Understanding Electrons

The Nature Of Electrons

Electrons are believed by many to be point particles with no substructure. They are also believed to be much smaller than a proton, but in the hydrogen atom, for example, the electron is the size of the atom. In the solid state, electrons can actually be many times larger than an atom (see Misconception Series).

The work of Dr. John G. Williamson, Dr. Martin B. van der Mark, and Dr. Vivian Robinson has elucidated the substructure of the electron. An electron is formed when a photon of the appropriate energy makes two complete revolutions for every one wavelength, forming a stationary wave of toroidal topology that defines the particle.

A photon (left) and the Williamson-van der Mark electron snapshot (right)

The snapshot of the electron (above, right) can be misleading because it is really two images combined. The toroidal (donut) shape represents the phase-locked path of the rotating photon in momentum space. The sphere in the center represents a projection into normal 3-dimensional space of the electron’s charge distribution, which manifests as a sphere. (CLICK HERE to see one of John Williamson’s lectures on the subject.)

This revolutionary work explains (and unifies) the electron’s shared particle and wave nature, and it similarly — and notably — bridges the gap between the quantum and classical realms. While an electron is a particle, it is made out of a photon, which itself has both wave and particle properties.

Electrons have electric charge, magnetic field, and angular momentum, and they are affected by the charge, field, and spin of other particles in their vicinity. As a result, when multiple electrons interact in the same atom or molecule, they produce orbital regions that are symmetrical, phase-locked, resonant, coherent, spherically-harmonic, stationary electron waves. These stationary waves represent the lowest energy and maximum symmetry state of the system.

The Hierarchy of Electron Forces

Let us now look at atomic electron interactions as a Hierarchy of Forces.
From strongest to weakest, they are:
(1) Total Di-electron Inclusion (TDI)
(2a) Pauli Field Exclusion
(2b) Parallel Spin Sharing (PSS)
(3a) Linear Spin Sharing (LSS)
(3b) Partial Di-electron Inclusion (PDI)

2.0: Nuclear Attraction

Electrons are present because they are attracted into the positive charge well of the nuclear protons. As electrons arrive, they will try to approach and envelop the nucleus with a simple spherical symmetry, as we see in the atoms of hydrogen (H), helium (He), lithium (Li) and beryllium (Be) (shown below).

Spherical electron clouds of hydrogen (left to right), helium, lithium and beryllium.

If the electrons are competing with other repulsive electrons for the privilege of approaching the nucleus, they will have to find their positions in the resulting orbital resonance by submitting to the relative strengths of their interactions. If electrons already surround the nucleus, new electrons will not be able to approach the nucleus and will therefore cluster around the core electrons in a symmetrical fashion. Electron positions are therefore a function of distance from the nucleus, spatial geometry, as well as charge (vector), field (bi-vector), and spin (tri-vector) interactions. It is these interactions that give rise to the shapes of the orbitals. (See more below.)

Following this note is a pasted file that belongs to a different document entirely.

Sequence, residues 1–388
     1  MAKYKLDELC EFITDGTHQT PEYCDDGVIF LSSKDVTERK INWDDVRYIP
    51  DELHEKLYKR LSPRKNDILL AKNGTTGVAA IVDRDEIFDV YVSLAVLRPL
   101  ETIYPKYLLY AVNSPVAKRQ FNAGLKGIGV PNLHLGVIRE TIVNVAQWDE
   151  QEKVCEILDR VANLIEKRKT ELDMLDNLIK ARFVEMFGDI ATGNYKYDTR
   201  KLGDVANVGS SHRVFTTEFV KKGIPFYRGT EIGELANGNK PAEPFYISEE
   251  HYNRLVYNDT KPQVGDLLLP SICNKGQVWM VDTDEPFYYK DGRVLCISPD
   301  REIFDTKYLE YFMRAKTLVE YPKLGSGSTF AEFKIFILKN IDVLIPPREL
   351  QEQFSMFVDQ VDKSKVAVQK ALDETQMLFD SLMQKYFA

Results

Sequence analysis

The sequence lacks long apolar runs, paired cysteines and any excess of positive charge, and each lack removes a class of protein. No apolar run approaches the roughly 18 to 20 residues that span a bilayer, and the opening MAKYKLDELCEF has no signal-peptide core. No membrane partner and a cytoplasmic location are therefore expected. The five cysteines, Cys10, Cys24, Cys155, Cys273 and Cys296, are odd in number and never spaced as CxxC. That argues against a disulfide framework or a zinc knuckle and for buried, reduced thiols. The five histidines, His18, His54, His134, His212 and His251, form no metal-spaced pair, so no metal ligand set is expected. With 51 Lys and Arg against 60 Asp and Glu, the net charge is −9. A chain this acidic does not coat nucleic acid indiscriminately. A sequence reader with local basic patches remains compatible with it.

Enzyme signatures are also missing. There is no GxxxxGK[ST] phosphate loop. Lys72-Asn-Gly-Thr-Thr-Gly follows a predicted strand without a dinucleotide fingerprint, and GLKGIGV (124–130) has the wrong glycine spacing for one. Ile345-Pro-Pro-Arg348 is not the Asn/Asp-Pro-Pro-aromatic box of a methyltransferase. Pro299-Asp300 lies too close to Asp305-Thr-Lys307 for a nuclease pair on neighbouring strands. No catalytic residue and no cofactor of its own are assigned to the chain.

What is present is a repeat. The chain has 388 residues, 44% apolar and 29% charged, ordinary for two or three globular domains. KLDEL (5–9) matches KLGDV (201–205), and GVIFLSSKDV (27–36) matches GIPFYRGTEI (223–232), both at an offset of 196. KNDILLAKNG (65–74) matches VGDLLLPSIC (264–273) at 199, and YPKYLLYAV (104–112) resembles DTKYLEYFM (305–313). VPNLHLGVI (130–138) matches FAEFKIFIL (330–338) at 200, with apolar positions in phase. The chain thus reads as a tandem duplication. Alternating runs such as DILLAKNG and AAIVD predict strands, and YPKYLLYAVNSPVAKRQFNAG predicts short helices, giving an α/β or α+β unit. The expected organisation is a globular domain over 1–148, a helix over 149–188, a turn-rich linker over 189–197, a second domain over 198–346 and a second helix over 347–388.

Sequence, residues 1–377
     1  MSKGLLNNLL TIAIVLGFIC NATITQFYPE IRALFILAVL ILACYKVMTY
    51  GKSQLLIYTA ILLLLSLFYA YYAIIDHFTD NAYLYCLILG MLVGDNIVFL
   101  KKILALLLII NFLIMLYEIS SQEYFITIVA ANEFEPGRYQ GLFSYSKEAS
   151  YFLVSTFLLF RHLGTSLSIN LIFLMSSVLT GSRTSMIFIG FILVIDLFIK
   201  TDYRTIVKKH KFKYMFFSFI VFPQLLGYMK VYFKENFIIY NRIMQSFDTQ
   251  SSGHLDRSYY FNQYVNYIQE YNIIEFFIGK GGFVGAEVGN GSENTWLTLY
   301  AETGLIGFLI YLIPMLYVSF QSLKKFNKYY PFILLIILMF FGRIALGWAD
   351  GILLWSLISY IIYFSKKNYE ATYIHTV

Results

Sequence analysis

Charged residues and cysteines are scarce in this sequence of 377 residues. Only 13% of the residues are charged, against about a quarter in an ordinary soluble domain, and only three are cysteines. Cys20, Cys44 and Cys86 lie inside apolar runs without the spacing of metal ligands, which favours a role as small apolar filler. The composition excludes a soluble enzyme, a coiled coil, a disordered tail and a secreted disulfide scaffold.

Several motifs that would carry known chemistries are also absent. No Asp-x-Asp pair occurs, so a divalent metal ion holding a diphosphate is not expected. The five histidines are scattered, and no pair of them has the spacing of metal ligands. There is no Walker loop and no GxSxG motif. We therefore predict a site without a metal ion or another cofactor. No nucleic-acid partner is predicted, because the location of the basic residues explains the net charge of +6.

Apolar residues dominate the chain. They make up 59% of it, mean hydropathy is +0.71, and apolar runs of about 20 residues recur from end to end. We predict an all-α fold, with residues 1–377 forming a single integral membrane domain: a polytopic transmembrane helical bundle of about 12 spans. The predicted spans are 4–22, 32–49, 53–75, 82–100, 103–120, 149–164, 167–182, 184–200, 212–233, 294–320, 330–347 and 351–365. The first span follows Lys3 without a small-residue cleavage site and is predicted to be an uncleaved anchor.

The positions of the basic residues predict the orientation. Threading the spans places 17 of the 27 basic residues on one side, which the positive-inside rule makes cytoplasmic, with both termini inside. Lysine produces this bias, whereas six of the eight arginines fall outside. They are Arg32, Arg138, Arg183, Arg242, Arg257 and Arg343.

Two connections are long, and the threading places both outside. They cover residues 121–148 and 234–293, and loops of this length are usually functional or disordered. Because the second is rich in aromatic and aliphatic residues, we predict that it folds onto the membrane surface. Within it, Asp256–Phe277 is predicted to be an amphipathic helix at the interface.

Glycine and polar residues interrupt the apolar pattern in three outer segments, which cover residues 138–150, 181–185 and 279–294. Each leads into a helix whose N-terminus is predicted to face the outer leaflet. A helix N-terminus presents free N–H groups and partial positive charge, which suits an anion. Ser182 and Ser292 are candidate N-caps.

When two electrons envelop a nucleus, they will prefer to snap into an antiparallel relationship because this allows them to superimpose completely upon one another. This results in maximum magnetic field cancellation, lowering both energy and angular momentum significantly. At such close distances, the attraction of magnetic field cancellation overwhelms electrostatic charge repulsion since the magnetic force is about two orders of magnitude (102) stronger than the electric force at very close range.
TDI (left) yields the di-electron (boson) state (right)

TDI gives rise to the di-electron state that is the helium (He) atom’s 1s2 shell. The di-electron is a boson state, which is a distinct state from that of two individual electrons.

When two electrons on adjacent atoms have antiparallel spin, they can be attracted into this superimposed di-electron state, giving rise to a single covalent bond, as in the hydrogen molecule (H2). The lowering of energy from field cancellation is the attractive force that holds the atoms together.

Helium’s 1s2 di-electron (left) and the hydrogen molecule’s bonding di-electron (right)


If the spherical s-orbitals are full, new electrons must resonate as non-spherical p-orbitals (or higher). This no longer allows the electron density to achieve spherical symmetry around the spherical atomic core. Since the electrons can no longer superimpose as a result of geometric constraints, asymmetry raises resonance energy and decreases coherence. Electrons therefore seek symmetry by venturing into the slightly higher energy state of parallel spin.